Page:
Targeted enhancement of cortical-hippocampal brain networks and associative memory

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Science  29 Aug 2014:
Vol. 345, Issue 6200, pp. 1054-1057
DOI: 10.1126/science.1252900

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Brain stimulation to improve human memory

The hippocampus is a crucial brain area for certain types of memory. Working with humans, Wang et al. found that a specific type of non-invasive brain stimulation improved memory tests and enhanced information flow between the hippocampus and a number of other brain regions. This increased connectivity was highly specific for the individual target areas selected for each participant.

Science, this issue p. 1054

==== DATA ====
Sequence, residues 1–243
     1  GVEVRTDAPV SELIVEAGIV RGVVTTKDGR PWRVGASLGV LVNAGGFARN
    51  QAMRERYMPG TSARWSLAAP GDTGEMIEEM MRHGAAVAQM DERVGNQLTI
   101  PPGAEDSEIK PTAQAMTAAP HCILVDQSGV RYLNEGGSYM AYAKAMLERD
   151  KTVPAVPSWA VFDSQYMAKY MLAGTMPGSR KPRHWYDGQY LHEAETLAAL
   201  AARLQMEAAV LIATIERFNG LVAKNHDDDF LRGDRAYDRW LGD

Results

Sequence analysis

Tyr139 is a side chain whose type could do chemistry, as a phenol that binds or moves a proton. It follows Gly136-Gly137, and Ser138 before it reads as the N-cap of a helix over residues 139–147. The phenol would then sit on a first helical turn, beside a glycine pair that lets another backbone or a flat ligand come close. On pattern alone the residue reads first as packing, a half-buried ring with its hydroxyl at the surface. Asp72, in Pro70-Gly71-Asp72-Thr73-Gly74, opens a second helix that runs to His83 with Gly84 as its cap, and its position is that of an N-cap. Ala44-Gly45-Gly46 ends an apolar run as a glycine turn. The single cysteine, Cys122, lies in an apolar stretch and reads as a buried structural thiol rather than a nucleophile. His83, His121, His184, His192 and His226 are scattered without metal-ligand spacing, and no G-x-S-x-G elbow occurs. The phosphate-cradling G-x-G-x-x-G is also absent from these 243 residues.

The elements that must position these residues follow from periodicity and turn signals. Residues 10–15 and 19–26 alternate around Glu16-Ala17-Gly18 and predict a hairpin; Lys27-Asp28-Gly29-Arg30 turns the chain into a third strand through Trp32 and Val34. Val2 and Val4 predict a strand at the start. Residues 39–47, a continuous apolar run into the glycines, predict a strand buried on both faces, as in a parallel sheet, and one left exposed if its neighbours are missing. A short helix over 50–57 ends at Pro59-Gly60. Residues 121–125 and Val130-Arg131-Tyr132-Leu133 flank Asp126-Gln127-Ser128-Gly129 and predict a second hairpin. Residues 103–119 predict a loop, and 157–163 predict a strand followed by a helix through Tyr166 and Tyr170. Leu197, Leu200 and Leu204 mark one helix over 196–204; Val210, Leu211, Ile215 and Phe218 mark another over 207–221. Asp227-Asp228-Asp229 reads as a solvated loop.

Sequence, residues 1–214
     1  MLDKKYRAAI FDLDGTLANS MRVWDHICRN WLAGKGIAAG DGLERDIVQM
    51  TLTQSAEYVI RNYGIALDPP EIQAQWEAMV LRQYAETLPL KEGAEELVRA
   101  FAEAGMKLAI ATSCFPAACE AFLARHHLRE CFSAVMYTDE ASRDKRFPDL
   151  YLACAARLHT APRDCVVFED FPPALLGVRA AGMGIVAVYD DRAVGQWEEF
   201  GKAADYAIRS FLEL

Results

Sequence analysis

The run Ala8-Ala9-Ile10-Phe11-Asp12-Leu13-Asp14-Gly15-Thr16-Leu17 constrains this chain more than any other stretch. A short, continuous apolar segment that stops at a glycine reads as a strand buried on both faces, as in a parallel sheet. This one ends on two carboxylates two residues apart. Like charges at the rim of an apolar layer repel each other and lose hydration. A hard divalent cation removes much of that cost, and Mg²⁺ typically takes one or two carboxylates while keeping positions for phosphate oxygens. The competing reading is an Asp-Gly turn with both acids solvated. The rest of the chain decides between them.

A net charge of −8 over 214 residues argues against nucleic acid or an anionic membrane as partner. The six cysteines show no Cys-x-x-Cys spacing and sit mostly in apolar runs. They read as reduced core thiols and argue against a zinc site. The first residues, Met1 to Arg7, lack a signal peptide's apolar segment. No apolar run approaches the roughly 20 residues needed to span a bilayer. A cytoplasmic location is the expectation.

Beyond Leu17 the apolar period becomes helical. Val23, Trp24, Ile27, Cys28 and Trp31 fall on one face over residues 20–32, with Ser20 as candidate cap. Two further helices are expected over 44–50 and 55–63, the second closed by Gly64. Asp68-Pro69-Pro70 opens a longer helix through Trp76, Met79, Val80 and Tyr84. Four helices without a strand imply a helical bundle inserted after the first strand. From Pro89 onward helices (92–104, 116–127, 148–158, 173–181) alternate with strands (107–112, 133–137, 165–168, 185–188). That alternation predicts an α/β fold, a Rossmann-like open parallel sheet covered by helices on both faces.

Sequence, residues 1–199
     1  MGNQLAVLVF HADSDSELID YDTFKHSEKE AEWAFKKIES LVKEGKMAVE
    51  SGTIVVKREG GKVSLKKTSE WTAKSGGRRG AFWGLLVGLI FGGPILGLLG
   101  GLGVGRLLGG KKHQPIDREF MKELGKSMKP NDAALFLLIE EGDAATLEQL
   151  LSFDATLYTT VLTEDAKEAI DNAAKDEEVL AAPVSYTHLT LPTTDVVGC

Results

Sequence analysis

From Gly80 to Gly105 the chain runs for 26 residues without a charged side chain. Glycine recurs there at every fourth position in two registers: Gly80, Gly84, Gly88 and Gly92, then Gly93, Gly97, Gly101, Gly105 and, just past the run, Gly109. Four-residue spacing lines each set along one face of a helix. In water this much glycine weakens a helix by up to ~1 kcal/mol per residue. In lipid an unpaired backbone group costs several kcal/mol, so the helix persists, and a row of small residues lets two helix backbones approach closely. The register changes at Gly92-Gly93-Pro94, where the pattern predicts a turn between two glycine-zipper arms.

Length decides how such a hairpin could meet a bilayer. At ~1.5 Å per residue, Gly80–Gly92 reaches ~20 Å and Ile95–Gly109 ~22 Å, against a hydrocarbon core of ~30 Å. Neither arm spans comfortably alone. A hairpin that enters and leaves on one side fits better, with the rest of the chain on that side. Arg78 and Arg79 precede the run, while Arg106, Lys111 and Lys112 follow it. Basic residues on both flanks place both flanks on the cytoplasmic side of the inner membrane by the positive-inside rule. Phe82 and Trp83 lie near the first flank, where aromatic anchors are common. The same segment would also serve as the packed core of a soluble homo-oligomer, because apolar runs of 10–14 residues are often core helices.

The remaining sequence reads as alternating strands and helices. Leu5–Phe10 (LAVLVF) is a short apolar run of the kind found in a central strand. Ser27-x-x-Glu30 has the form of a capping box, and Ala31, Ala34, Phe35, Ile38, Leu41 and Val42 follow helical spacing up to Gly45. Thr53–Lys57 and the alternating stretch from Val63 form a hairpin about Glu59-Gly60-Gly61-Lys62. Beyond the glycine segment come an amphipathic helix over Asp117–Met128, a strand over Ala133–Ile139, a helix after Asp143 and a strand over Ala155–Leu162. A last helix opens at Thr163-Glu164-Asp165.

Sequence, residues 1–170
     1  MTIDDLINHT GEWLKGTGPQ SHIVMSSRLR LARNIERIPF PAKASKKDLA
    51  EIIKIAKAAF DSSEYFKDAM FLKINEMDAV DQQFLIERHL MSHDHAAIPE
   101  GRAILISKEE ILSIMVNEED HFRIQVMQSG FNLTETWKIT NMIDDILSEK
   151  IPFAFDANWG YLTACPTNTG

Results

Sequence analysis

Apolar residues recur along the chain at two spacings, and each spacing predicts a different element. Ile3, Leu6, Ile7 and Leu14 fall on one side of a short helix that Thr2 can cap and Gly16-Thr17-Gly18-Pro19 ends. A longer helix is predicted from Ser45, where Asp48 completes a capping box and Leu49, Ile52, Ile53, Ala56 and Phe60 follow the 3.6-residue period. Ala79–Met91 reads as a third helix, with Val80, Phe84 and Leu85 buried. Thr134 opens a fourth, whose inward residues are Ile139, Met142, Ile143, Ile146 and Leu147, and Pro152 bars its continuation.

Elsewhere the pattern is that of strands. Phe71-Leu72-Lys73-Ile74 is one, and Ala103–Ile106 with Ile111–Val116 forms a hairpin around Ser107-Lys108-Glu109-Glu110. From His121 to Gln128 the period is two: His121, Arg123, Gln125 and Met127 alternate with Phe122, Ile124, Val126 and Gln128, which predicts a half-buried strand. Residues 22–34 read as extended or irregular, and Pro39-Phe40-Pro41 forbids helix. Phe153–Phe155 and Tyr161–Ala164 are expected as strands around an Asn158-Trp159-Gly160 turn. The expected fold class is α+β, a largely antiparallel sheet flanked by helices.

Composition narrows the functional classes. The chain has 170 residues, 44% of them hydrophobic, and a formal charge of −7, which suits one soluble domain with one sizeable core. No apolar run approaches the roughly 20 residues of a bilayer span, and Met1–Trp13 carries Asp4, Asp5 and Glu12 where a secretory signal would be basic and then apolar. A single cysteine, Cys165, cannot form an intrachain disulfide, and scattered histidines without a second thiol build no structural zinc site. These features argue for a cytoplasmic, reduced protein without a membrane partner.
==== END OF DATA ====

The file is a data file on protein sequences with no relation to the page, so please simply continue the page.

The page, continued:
The influential notion that the hippocampus supports associative memory by interacting with functionally distinct and distributed brain regions has not been directly tested in humans. We therefore used targeted noninvasive electromagnetic stimulation to modulate human cortical-hippocampal networks and tested effects of this manipulation on memory. Multiple-session stimulation increased functional connectivity among distributed cortical-hippocampal network regions and concomitantly improved associative memory performance. These alterations involved localized long-term plasticity because increases were highly selective to the targeted brain regions, and enhancements of connectivity and associative memory persisted for ~24 hours after stimulation. Targeted cortical-hippocampal networks can thus be enhanced noninvasively, demonstrating their role in associative memory.

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